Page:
Update: Micron reached out to us in the wake of this article to clarify details on its memory developments:
“The new memory advancements coming from Micron in 2016 are going to be called GDDR5X, not GDDR6 as was mentioned in the article. GDDR5X and GDDR6 are not the same product and Micron has not announced any plans involving GDDR6.”
It also clarified that GDDR5X is not designed to be a replacement or direct competitor to HBM:
“GDDR5X is intended to provide significant performance improvements to designs that are currently using GDDR5, therefore giving system designers the option of delivering enhanced performance without dramatically altering current architectures.”
Although AMD’s Fury line of GPUs didn’t exactly set the world on fire, what was of real interest was its use of High Bandwidth Memory (HBM) which offers a number of performance and efficiency benefits over traditional GDDR5 solutions found in most contemporary graphics cards. Micron may have an alternative, and it’s the sequel to the latter memory standard.
Some are already calling it GDDR6, purportedly. This is a rumor coming from “internal sources,” so take that as you will, but the talk of new hardware is always worth letting tongues wag.
The Micron source is claiming (via Fudzilla) that the new memory standard will offer a bandwidth as high as 10-14 gigabits per 4GB module. In comparison, GDDR5 offers just 7Gbps for the same chip size. It also offers a sizable improvement over 8GB GDDR5 modules, which are touted as having a bandwidth up to 8Gbps.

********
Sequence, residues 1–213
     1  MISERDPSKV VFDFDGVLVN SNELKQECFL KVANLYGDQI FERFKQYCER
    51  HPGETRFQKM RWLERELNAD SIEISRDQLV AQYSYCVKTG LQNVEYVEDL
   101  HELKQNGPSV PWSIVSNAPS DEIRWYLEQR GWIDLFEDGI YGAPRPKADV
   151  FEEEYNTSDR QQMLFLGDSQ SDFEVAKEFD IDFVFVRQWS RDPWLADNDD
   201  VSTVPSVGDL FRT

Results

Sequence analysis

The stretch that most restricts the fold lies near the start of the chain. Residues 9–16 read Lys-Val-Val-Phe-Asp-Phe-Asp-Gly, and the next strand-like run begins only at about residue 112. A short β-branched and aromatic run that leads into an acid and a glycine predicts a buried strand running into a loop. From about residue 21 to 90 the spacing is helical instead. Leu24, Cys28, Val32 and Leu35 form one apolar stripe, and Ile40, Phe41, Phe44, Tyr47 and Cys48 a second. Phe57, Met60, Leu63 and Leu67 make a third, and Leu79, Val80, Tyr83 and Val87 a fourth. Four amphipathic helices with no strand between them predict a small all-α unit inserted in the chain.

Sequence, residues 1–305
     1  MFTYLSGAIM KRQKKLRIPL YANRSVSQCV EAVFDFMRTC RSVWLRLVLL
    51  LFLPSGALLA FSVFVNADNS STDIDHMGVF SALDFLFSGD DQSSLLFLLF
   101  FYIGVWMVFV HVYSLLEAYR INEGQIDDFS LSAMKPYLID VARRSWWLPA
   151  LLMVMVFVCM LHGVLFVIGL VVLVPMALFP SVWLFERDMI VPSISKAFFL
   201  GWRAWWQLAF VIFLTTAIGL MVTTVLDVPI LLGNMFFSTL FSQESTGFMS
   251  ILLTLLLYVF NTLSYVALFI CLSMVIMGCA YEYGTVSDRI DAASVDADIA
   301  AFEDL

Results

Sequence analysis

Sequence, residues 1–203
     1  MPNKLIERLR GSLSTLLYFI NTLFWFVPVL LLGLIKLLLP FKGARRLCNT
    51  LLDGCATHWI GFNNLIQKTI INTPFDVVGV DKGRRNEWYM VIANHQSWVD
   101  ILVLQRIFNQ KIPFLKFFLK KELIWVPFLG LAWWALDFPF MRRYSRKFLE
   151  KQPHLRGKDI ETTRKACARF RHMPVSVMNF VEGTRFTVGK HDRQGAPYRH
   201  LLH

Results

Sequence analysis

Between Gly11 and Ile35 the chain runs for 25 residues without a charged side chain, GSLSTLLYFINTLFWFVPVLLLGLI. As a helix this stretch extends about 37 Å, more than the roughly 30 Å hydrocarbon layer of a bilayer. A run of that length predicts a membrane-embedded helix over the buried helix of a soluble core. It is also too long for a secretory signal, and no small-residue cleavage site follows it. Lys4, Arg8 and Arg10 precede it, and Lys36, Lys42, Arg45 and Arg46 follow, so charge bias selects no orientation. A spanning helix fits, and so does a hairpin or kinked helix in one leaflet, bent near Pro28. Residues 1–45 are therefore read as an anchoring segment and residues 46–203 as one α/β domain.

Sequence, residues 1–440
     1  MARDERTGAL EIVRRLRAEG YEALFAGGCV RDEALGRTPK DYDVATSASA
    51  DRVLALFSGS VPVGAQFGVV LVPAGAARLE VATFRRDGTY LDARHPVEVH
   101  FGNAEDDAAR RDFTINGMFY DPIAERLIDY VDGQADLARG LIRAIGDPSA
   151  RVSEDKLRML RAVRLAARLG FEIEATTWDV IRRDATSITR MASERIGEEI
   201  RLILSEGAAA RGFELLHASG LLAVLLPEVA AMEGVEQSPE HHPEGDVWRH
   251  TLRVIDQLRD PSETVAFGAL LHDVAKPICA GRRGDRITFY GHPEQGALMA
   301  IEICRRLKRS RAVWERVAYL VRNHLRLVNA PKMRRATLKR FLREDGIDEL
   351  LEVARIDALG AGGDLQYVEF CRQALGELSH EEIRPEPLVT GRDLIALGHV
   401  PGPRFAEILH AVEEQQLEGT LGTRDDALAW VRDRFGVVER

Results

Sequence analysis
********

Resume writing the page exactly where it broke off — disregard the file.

Even if in the ideal scenario where a doubling of memory bandwidth was felt, this is unlikely to make GDDR6 a higher-performing alternative to HBM, which already offers more than double the performance of GDDR5 in comparable sizes. It is also not likely to be as efficient as HBM, nor as low-latency thanks to its placement in close proximity to the GPU, rather than on the PCB.
But none of that matters as much as it should right now, because despite AMD’s mainstream (albeit high-end) GPUs releasing with the new HBM standard back in the middle of this year, there are still shortages of those chips. Its sequel, HBM 2.0, which will offer even further performance and efficiency gains than its predecessor, is not expected to be ready until well into 2016.
If Nvidia is really thinking about adding HBM or HBM 2.0 to its new generation Maxwell cards, as is rumored, that will make supplies even scarcer.
And that’s where GDDR6 could come in. It may not be a viable contender for HBM in raw bandwidth, but it could be a great stopgap, and its more conventional design may make it easier to implement. Perhaps we’ll see the next generation of graphics cards from both AMD and Nvidia take a two-prong approach, with the most expensive cards sporting HBM/HBM 2.0, and the lower end cards using the more plentiful GDDR6.
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